A good tip is to give potential leads a rating, indicating your assessment of the value of the lead, say a grade from A to E, which will enable you to prioritise the follow-up campaign. Unless the prospect has stated otherwise, the sooner you follow up the more likely you are to find that your prospects will still be interested. Remember what excited them about your products. Even if you do not close all of the leads keep this data safe, contact them regularly and invite them back to next year’s show. Persistent contact reaps rewards.
The ultimate aim is to convert visitors to your stand into real clients and the best way of doing this is to maximise the opportunities to put your brand messages under the nose of your prospects – on the flyer, on the stand, on the website (where you announce the result of the competition) and via follow-up emails and phone calls.
Jim Boulton is managing director of online branding agency Large. Clients include Agent Provocateur, De Beers, Haven Europe, Siemens, Weber Shandwick and YO! Sushi. www.largedesign.com
Case study: Wild Republic
Large co-founder Lars Hemming Jorgensen on how to turn an exhibition stand into a golden opportunity As with so many other companies, Wild Republic?s stand seemed to be the only thing they took seriously.
We attended a fair with the company ? who produce educational soft toys ? and took notes on all the variables where there were opportunities to brand. The possibilities were almost endless. Our list included emails, audio, hand-outs, freebies, wall graphics, plasma screens, T-shirts and even the carpet.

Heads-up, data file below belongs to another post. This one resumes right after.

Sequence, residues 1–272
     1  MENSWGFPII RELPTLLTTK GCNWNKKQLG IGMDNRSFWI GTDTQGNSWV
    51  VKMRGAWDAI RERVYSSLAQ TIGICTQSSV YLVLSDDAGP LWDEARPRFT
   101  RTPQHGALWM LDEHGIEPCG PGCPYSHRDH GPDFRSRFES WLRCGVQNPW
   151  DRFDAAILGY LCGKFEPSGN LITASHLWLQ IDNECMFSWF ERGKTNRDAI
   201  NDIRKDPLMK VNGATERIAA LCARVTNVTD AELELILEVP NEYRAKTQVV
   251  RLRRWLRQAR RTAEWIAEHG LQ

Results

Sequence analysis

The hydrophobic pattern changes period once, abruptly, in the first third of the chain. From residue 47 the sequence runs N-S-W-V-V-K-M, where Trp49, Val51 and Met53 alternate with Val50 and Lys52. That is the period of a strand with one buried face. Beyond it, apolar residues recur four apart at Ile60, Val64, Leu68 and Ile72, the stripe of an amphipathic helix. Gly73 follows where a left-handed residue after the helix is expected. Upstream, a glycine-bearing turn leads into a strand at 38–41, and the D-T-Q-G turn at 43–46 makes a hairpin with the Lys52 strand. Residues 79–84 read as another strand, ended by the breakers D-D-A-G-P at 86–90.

After discussing the options the staff were briefed on the proposed tactics. Firstly, all customers and prospects were sent an invitation, which doubled up as a card full of stickers. The stickers could be peeled off and placed on colleagues or even yourself. Every day at the fair these stickers were also being placed on passers-by and were naturally on all the sales team?s T-shirts (which incidentally had ?Scratch my back and I?ll purr? on the back of them). It was clear who worked on the stand, they felt confident to approach people because it was easy with the stickers and it always got a laugh and broke the ice.
Wild Republic had a great fair offer, which consisted of buying 200 toy birds endorsed by the RSPB and you got a free point-of-sale tree to place the birds in ? they opened over 200 new accounts in four days. And it doesn?t end there. Not following up leads from fairs is fatal. Wild Republic sent everybody a soft toy through the post as a thank you.